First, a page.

After I so thoroughly and lovingly complimented myself last week, I think it is only fair to acknowledge that I just perhaps – very slightly – might have a few shortcomings.
How I React To Criticism:
Although I recognize that I have a few faults – I do not want ANYONE to actually point out ANY OF THEM.
I am crazy-defensive (or just plain crazy). I am full of faults in my own mind, but I’d better be perfect in yours. (Right, Hubby?)
It’s not that I won’t eventually – at some much later date – in a moment of quiet reflection – consider the possibility that I might have a tiny bit of room for improvement. And maybe, also eventually, take some correction action.
But in the moment – and for many many moments afterwards – I feel just shitloads of anger, denial, and hurt.
Sometimes I can stay that way for a very long time. Years ago I had a boss scream at me in a big meeting: “WRONG! WRONG! WRONG!” And even if I had been wrong, wrong, wrong (which I was not, by the way), that approach to criticism will never get to the quiet reflection stage.
Although I will admit that even the gentlest of constructive criticism (“You might want to consider this little idea the next time you have a project like this…”) is not exactly welcome either.
Mostly I think every human being is as thin-skinned as I am.
But not quite everyone.
Twenty years ago, I witnessed such an accepting and undefensive reaction to criticism, it has stuck with me all these years. It’s a standard of openness that I will never achieve. But still a worthy goal.
It was 1994 (and I am sure because I worked in the television industry, and had a TV in my office, and I remember watching Jackie Kennedy’s funeral). My boss at the time was a super-smart rather grumpy guy who I really liked. He tended to shoot the breeze for a good portion of the day, and then work in tremendous bursts of energy just before a deadline. This style suited me perfectly.
(Not to mention that he liked the same toppings on his pizza as I did.)
We both reported to and were at the mercy of the WRONG WRONG WRONG boss. She was also super-smart, but major stressed out, and the type of manager who got angry before she got facts. She had an advanced degree in Jumping To Conclusions. In a high-pressure job in a male-dominated industry (to try to be fair) she was an ethical and committed executive who was apoplectic more often than encouraging. She’d turn purple to the roots of her hair. If I walked into her office and the part in her hair was still purple from the last meeting, I usually excused myself and re-scheduled.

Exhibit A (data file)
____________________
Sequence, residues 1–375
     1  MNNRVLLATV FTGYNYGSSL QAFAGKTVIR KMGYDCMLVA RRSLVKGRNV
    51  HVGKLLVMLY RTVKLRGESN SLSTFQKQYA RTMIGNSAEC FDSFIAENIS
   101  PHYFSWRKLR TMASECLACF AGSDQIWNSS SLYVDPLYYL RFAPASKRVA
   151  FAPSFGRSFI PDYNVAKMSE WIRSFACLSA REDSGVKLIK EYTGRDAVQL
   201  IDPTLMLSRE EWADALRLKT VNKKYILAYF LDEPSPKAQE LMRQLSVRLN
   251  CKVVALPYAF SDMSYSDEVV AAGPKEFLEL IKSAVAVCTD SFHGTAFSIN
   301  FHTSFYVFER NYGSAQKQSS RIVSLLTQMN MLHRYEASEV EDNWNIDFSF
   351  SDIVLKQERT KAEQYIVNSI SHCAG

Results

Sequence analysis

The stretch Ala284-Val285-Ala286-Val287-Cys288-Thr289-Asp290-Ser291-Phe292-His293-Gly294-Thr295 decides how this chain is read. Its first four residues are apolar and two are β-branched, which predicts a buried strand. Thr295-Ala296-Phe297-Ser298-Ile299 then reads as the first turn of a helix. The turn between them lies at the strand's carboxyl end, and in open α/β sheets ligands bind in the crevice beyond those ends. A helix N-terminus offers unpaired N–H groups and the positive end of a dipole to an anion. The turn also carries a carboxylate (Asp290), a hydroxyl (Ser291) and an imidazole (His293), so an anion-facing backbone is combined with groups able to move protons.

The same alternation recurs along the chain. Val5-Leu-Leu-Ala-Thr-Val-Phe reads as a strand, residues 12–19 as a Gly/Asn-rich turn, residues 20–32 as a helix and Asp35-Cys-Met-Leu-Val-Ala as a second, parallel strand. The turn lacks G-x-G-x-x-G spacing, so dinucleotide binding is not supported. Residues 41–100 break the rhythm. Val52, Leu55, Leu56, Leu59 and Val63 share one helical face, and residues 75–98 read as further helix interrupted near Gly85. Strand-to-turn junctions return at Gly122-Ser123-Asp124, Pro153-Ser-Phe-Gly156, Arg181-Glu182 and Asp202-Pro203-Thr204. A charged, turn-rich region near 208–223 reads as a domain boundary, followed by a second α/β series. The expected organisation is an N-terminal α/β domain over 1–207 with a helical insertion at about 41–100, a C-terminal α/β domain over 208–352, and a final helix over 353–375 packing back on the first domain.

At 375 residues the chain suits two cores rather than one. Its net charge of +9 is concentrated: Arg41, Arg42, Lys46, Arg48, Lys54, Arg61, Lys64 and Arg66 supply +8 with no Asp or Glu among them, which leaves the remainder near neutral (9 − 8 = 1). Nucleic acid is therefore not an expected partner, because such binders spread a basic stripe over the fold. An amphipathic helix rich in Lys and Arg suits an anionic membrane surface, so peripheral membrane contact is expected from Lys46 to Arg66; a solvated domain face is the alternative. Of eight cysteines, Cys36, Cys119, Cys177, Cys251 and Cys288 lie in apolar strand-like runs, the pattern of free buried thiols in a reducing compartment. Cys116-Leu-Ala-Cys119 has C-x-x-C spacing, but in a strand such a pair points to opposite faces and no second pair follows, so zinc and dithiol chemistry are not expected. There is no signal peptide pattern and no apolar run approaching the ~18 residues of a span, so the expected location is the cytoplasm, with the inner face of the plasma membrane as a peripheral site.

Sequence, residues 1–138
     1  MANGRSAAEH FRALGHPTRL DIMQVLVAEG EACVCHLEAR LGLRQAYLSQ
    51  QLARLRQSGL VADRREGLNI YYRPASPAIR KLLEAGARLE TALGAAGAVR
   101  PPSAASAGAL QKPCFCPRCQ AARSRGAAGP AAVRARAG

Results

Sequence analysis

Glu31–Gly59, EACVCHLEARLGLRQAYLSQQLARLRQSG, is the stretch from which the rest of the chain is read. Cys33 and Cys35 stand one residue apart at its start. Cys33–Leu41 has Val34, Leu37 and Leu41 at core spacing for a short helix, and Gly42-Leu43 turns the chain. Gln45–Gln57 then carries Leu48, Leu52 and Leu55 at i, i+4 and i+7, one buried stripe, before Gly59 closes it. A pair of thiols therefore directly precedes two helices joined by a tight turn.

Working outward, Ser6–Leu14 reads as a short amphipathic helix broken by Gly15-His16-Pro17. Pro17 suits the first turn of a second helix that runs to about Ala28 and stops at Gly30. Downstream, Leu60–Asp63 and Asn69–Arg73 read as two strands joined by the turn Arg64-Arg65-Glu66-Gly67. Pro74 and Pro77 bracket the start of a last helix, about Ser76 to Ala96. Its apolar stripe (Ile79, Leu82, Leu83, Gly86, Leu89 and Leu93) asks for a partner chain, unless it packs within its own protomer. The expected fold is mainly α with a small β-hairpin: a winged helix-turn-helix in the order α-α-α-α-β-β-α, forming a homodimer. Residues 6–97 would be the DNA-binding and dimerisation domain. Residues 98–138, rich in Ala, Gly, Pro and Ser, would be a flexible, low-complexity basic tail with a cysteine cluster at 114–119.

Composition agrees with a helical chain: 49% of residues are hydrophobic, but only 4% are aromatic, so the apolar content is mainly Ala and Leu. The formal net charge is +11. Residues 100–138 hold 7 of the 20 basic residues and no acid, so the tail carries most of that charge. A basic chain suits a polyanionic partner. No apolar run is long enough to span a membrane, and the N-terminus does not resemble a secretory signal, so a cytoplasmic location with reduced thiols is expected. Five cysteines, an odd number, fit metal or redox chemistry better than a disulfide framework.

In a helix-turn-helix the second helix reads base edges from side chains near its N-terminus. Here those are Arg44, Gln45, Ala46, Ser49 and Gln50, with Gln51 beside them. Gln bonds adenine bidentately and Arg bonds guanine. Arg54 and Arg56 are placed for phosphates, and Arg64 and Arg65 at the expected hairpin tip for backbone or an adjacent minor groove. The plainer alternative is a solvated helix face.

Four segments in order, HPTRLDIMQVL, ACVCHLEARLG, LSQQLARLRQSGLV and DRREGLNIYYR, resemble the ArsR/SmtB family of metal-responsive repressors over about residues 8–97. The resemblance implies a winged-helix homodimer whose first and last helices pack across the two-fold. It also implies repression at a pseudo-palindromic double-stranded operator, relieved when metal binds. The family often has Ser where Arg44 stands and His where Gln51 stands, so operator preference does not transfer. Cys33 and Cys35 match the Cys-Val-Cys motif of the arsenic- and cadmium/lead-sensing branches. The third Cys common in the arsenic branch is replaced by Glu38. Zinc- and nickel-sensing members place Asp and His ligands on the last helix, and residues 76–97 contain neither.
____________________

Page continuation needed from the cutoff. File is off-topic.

This particular day in 1994, it was my boss, Eric, on the receiving end of the fury.
I can’t even remember the topic. But Eric got his ass handed to him – with a new asshole torn in that which was handed to him – for something not even remotely his fault. In front of me.
Eventually we were released and crawled back to our own offices. But not for long. I immediately went to Eric’s office in my own furious reaction.
“That was so unfair!” I yelled. “You didn’t deserve that! And she had no right to humiliate you in front of me!”
But Eric shook his head.
“It’s okay,” he said calmly.
“No, it’s not!” You didn’t deserve that!” I reiterated.
“Maybe not this time,'” he said. “But plenty of times, I do.”
And that was it. He got back to work. And sent me back to my office to vent my outrage that he didn’t share.
It was a wondrous thing.
I’ve always hoped that I someday I would display that level of maturity as an example to my own subordinates. Since I am now about one year from retirement, I don’t hold much hope for it.